A little dose of mindfulness might ease your perception of pain and unpleasant emotions, a small new study suggests. People who practiced a brief thought exercise before touching something hot or seeing negative images were less affected than when they weren’t practicing mindfulness, researchers found.
Mindfulness and meditation—the concept of focusing your thoughts on a specific thing, usually your current surroundings or how your body feels at the moment—has garnered plenty of attention in recent years. Advocates claim that regular mediation can help with everything from stress and high blood pressure to clinical depression. But the evidence for these claims has largely relied on self-reported feedback from people who already practice meditation.
This new research, published in January in the journal Social Cognitive and Affective Neuroscience, is instead based on a controlled, albeit very small, trial of people with no prior meditation experience.
Seventeen healthy volunteers were asked to go through two different scenarios while having their brains scanned. In one test, they had to stare at images taken from a long-established database of photos selected to make someone feel negative or neutral (while the database is kept from the public to ensure its novelty, an example of a negative image might include a mutilated body, while a neutral image might be a chair). In the other test, they had a device applied to their forearm that would send off a warm or painfully hot sensation.
Half the time, in both tests, the volunteers were asked to either react naturally or to practice a mindfulness exercise they had learned before the experiment. In the temperature test, for instance, volunteers trying to be mindful were told: “If you feel a sensation of warmth on your forearm, you should simply attend to what is felt, without making any judgment of the ‘goodness’ or ‘badness’ of that sensation.”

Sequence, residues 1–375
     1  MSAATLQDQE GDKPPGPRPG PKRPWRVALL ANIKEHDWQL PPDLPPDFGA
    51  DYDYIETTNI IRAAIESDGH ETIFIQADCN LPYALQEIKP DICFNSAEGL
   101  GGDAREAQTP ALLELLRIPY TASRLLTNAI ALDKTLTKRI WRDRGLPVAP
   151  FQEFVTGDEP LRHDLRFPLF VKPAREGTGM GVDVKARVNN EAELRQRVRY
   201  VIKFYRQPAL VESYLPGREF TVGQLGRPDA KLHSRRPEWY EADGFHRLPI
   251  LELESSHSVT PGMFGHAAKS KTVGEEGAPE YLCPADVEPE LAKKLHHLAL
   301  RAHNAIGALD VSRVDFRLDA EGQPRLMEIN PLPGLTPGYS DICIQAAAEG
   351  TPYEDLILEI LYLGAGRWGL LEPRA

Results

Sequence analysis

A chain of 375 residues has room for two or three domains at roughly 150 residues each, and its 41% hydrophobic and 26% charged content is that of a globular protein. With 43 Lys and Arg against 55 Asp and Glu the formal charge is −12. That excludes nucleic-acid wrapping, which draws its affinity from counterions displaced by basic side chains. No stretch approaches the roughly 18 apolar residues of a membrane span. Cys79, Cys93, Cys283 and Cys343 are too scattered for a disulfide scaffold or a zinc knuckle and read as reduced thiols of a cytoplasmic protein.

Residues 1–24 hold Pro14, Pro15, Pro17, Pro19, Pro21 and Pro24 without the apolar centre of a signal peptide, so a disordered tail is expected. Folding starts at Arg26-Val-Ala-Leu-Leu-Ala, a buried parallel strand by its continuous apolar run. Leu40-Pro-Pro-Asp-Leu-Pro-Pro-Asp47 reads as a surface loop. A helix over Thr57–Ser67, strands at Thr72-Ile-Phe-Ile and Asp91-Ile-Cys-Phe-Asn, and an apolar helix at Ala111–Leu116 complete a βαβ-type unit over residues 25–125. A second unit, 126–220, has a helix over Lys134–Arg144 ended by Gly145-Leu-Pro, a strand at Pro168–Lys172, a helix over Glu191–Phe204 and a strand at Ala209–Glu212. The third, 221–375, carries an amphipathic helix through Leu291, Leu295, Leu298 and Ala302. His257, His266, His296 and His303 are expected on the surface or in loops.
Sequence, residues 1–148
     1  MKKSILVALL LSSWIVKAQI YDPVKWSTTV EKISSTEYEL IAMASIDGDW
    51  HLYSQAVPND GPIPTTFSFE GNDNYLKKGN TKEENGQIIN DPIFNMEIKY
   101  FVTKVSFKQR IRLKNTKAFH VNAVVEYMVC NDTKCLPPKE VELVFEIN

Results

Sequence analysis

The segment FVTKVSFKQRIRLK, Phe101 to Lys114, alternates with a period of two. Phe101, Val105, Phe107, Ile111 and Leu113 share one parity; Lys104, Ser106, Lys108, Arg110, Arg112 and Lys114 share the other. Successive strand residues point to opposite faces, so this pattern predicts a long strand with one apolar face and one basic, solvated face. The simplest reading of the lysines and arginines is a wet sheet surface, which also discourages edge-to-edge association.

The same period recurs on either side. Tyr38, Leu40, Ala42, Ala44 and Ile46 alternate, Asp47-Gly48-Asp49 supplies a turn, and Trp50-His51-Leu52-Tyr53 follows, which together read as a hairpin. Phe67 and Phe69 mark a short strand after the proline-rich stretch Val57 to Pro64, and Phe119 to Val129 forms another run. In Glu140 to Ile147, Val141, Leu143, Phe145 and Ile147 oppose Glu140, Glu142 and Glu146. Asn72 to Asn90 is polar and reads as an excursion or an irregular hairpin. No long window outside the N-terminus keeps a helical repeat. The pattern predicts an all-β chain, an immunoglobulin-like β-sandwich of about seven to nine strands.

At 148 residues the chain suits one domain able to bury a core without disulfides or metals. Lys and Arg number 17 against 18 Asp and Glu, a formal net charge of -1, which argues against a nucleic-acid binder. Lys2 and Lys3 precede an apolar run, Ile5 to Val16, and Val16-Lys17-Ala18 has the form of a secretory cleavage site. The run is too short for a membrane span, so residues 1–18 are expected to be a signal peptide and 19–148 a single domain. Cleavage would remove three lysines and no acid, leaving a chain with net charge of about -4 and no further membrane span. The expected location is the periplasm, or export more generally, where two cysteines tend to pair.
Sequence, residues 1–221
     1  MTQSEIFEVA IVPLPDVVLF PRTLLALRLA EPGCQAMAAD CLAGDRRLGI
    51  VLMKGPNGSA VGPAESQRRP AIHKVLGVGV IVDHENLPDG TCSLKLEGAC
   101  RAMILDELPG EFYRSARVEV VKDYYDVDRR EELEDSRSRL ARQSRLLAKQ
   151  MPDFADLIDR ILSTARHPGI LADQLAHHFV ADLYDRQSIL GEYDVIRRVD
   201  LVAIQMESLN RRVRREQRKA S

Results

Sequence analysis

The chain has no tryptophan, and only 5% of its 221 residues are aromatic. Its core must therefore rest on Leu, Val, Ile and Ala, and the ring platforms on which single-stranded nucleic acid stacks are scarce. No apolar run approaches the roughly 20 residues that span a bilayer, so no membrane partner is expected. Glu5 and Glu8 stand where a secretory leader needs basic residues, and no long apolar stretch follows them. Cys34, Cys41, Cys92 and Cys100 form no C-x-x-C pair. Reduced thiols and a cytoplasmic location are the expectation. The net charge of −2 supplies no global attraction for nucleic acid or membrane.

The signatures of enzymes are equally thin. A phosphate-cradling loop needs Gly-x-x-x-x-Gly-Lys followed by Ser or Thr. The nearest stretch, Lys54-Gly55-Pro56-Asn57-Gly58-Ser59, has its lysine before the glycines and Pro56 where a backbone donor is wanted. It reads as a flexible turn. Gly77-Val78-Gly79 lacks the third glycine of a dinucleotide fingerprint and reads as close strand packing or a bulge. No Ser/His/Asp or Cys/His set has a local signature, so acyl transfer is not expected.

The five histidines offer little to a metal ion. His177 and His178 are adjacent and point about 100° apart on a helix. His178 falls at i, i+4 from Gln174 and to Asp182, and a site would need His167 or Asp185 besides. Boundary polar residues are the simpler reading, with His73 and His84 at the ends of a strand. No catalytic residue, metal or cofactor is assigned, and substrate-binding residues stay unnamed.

On average, the volunteers reported feeling less pain and negative emotion when meditating than when reacting normally. These feelings also seemed to line up with reduced brain activity in certain areas of the brain that help us process pain and emotion. At the same time, there wasn’t an increase of brain activity in areas responsible for conscious thinking and decision-making, suggesting that people weren’t simply trying to will away their bad feelings.
Nifty as the study is, it relies on a very small sample size, so we can’t put too much stock in it. Just like with every other treatment or medical intervention, mindfulness might not be right for everyone. But given the relative lack of options to treat pain, it’s definitely worth studying further. At least one randomized trial has shown that mindfulness may help people living with chronic pain better deal with their condition, though not necessarily by reducing their perception of pain.
“The ability to stay in the moment when experiencing pain or negative emotions suggests there may be clinical benefits to mindfulness practice in chronic conditions as well—even without long meditation practice,” said lead author Hedy Kober, associate professor of psychiatry and psychology at Yale University, in a statement released by the university.